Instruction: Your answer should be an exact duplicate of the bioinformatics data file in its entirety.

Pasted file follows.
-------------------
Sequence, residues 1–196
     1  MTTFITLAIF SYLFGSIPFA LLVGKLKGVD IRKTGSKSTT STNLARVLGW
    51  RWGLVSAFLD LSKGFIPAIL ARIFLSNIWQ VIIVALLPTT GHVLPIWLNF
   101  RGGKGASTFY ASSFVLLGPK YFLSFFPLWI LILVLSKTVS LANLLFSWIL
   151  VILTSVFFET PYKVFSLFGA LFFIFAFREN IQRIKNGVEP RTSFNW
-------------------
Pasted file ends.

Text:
Sequence, residues 1–196
     1  MTTFITLAIF SYLFGSIPFA LLVGKLKGVD IRKTGSKSTT STNLARVLGW
    51  RWGLVSAFLD LSKGFIPAIL ARIFLSNIWQ VIIVALLPTT GHVLPIWLNF
   101  RGGKGASTFY ASSFVLLGPK YFLSFFPLWI LILVLSKTVS LANLLFSWIL
   151  VILTSVFFET PYKVFSLFGA LFFIFAFREN IQRIKNGVEP RTSFNW